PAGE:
Helping Your Teens Overcome The Awkward Years

You probably remember the awkward moments of your youth. Now, your middle or high schoolers might be experiencing something similar. As a parent, you may feel like you don’t know how to support them. The physical, emotional, and social changes your teen will is going through are very normal. Even so, it may feel uncomfortable for either of you to talk about.

However, all is not lost! You have more tools at your disposal than you may think. There are timeless techniques that will show your not-so-children-anymore that you are there for them. These include  encouraging open communication, respecting their growing need for independence, and advocating for them to spend time with positive role models.

Let’s take a look together and see how to put into practice the methods that help overcome those oddest of young life chapters.

Open Communication

You may not understand exactly what your adolescents are going through, and that is okay. Engage in open dialogue early on. This will build emotional safety and nonjudgment that will make it easier for your teens to come to you with their questions or worries.

Start these conversations as soon as possible. This sets a foundation and will pave the way for challenging conversations later. Ask questions and practice your listening skills!

Stay patient – it will take time to navigate these changes. Even though you may not see it immediately, talking with your teens now will benefit them for their entire lifetime.

Respect Their Independence

Your little ones are no longer little – and coming to terms with this may be hard (and yes, you will still call them your “baby” forever). However, you can still be there for your young adults as they learn to make their own decisions and take on new responsibilities.

Be supportive of their increasing need for independence. Doing so builds their confidence and helps them learn how to navigate life. That being said, continue to set boundaries and revisit important topics of discussion. Letting go of control is hard, but it is important for your child’s development.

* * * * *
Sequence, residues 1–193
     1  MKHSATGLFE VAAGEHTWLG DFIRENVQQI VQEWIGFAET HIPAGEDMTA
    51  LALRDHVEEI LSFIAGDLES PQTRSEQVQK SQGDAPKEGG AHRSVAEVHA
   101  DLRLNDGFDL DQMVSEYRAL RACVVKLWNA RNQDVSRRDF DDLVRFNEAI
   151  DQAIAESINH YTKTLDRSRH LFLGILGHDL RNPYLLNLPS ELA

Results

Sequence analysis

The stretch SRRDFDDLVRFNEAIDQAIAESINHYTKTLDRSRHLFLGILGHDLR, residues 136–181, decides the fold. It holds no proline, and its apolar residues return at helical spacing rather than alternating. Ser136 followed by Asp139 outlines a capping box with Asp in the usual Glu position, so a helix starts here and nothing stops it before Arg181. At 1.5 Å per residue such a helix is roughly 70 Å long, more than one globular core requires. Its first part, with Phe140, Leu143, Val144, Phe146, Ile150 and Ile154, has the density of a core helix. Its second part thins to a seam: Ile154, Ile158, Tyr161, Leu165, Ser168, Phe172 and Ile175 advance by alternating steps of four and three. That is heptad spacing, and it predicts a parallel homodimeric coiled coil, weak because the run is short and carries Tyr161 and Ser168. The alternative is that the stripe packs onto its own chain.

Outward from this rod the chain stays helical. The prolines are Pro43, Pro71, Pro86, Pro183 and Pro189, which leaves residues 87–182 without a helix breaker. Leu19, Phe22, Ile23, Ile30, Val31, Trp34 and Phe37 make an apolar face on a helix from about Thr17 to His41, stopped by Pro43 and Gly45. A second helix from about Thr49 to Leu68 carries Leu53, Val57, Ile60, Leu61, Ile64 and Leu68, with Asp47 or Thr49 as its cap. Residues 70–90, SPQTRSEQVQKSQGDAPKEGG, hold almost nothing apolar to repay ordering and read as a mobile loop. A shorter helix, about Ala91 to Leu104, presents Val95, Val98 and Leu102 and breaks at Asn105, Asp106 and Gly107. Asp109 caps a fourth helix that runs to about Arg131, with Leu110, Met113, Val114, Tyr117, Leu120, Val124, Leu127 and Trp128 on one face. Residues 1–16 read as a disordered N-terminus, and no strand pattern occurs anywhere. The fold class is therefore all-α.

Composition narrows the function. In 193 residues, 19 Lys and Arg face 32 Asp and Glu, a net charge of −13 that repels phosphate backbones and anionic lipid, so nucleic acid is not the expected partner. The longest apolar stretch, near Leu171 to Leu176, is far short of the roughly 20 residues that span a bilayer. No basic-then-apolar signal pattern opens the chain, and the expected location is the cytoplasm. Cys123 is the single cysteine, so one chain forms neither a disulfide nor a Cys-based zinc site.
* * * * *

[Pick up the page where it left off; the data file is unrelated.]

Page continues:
Positive Role Models

Learning doesn’t just happen at school for your teenagers. They also learn through the observation of everyone around them. Keeping tabs on anyone your big kids spend time with is your job as a parent. Being aware helps keep them safe and ensure they are making healthy decisions.

Talk to your teens about their friends, teachers, and anyone they follow online. This can create an open discussion about making good decisions in the long run. Use your intuition – even when they roll their eyes at you – to help guide them. Their ears still hear you, and they listen more than you may think!

One of the things parents need to think about is a right of passage that almost all teenagers feel excited about: getting their license. You will need to add each teen to your current car insurance policy or get them their own before they start driving. Check out Freeway Car Insurance! They have plans that are afforable and coverage that meets protection needs for all ages.

Being a parent is a responsibility that never ends, but it is rewarding. Hang in there – you and your teens will get through it together!

Supporting Your Teen During Fundamental Years

Parenting goes more smoothly when you know what to expect. Spend time with your children as they grow into young adulthood, practice open communication, respect their independence, and help them choose good people to spend time with. Before you know it, you may be taking advice from your teens themselves!

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